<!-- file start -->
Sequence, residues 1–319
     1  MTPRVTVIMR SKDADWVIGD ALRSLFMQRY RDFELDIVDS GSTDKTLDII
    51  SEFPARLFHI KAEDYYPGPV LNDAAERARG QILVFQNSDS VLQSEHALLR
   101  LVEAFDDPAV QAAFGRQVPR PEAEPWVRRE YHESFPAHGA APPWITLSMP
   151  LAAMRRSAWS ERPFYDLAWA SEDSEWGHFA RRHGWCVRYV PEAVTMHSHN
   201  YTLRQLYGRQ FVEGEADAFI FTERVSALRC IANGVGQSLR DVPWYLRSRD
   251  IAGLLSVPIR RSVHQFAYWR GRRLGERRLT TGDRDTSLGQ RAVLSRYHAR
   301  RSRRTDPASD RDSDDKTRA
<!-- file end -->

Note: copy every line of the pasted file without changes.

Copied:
Sequence, residues 1–319
     1  MTPRVTVIMR SKDADWVIGD ALRSLFMQRY RDFELDIVDS GSTDKTLDII
    51  SEFPARLFHI KAEDYYPGPV LNDAAERARG QILVFQNSDS VLQSEHALLR
   101  LVEAFDDPAV QAAFGRQVPR PEAEPWVRRE YHESFPAHGA APPWITLSMP
   151  LAAMRRSAWS ERPFYDLAWA SEDSEWGHFA RRHGWCVRYV PEAVTMHSHN
   201  YTLRQLYGRQ FVEGEADAFI FTERVSALRC IANGVGQSLR DVPWYLRSRD
   251  IAGLLSVPIR RSVHQFAYWR GRRLGERRLT TGDRDTSLGQ RAVLSRYHAR
   301  RSRRTDPASD RDSDDKTRA